The Lexile Framework for Reading provides formal testing for students' reading ability. The results of these tests are reported by a number ending with "0" and including an L, for "Lexile," such as 240L or 1170L. Lexile testing does not formally assess giftedness in exam takers. However, the scoring can be used to locate strong readers and help them locate appropriate reading material.
Purpose of Lexile Testing
The Lexile Framework for Reading evaluates two components. Its "reader measure" describes a person's level of reading aptitude, whereas the "text measure" determines the difficulty of reading material. Parents and educators can use these measures in tandem to both select reading material appropriate for a student's ability and to gauge a student's gradual progress in reading skill. Lexile Testing was designed to address the fact that reading ability is specific and unique to each student.
Detecting Giftedness Using Lexile Scores
To begin, Lexile score ranges vary depending on grade level. A proficient first grader would score between 200L and 300L, while an adequate reader in the 12th grade would earn a score in the range of 1060L and 1320L. These ranges are determined by percentile rank: readers proficient for their grade level score better than 53 to 72 percent of other students. There is no specific "gifted" measure for Lexile scoring. However, scoring better than at least 87 percent of others at the same grade level is considered "Advanced." 1321L and above marks an advanced 12th grader, and more than 400L shows that a first grader is similarly outstanding.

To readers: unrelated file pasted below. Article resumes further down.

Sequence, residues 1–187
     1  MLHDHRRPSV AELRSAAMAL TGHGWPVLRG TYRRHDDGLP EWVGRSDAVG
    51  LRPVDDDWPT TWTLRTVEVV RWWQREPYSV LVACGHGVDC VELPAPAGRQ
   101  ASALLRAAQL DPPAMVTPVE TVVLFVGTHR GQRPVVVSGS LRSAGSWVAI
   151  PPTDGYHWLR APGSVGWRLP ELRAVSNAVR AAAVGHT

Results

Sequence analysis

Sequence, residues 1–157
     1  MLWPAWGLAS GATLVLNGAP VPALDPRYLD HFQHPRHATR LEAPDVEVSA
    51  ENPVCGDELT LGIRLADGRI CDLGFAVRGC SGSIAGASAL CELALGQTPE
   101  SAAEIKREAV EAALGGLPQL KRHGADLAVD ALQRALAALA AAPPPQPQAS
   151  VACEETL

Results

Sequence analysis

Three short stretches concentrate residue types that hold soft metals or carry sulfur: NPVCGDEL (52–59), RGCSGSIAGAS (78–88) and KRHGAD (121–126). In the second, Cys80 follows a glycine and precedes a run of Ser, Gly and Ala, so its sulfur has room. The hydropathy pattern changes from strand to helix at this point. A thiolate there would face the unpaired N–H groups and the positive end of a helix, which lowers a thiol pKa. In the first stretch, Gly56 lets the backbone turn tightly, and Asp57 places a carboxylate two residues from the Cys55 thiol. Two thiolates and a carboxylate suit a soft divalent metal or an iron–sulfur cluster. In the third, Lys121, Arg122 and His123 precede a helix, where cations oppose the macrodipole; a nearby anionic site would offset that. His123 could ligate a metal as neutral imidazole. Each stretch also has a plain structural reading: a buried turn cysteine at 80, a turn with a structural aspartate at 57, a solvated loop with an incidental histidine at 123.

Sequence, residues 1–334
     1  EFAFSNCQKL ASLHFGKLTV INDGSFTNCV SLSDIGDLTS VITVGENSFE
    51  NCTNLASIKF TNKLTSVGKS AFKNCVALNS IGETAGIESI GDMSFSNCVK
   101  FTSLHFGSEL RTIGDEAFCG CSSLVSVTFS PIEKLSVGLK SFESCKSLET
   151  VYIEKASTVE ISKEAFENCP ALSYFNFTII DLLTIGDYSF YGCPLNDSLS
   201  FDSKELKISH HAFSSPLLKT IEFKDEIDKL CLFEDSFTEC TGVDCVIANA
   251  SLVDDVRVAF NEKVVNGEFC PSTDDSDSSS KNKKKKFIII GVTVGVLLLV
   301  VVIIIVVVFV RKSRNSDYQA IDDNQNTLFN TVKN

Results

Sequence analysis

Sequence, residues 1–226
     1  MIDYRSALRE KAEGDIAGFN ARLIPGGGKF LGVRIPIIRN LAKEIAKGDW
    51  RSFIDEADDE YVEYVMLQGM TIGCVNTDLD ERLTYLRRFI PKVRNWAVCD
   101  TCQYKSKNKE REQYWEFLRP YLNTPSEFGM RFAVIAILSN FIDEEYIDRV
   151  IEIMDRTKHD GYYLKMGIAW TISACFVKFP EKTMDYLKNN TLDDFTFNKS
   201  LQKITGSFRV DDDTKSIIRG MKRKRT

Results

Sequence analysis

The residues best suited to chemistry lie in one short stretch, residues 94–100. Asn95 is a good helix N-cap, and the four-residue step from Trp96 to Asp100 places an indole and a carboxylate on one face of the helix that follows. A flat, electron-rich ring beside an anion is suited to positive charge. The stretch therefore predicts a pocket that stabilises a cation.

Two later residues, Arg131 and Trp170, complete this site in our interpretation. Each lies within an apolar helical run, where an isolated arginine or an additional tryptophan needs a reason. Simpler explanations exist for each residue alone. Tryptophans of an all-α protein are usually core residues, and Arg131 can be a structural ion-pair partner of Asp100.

Lexile Test Details
Lexile testing frequently takes place during the reading comprehension section of state educational assessment testing. Not every state's examinations report Lexile scores. Those that do include California, Hawaii, Oklahoma and Wyoming. Other standardized tests that include Lexile scoring are the Stanford Achievement Test and the Scholastic Reading Assessment. After testing, a student's score is assigned a recommended Lexile range, denoting a span of 50L above, and 100L below, a particular Lexile figure. A score of 400L, for example, translates into a recommended Lexile range of 300L-450L.
How to Improve a Lexile Score
Students and parents are advised not to specifically aim to improve Lexile scores, but rather to enhance the students' enjoyment and skill in reading. Being read to by a parent at least once daily can improve children's reading level. Students also benefit by increasing the ease with which they can assess items to read; more books around the home and added trips to the library can accomplish this. For gifted or advanced readers, Lexile recommends that parents and educators encourage these students to independently pursue challenging reads.
Jeffrey Norman has been writing professionally since 2005. His work has been published in such journals as the "Leland Quarterly" and on the blog, An Apple A Day. Norman earned a Bachelor of Arts in literature and creative writing from Stanford University.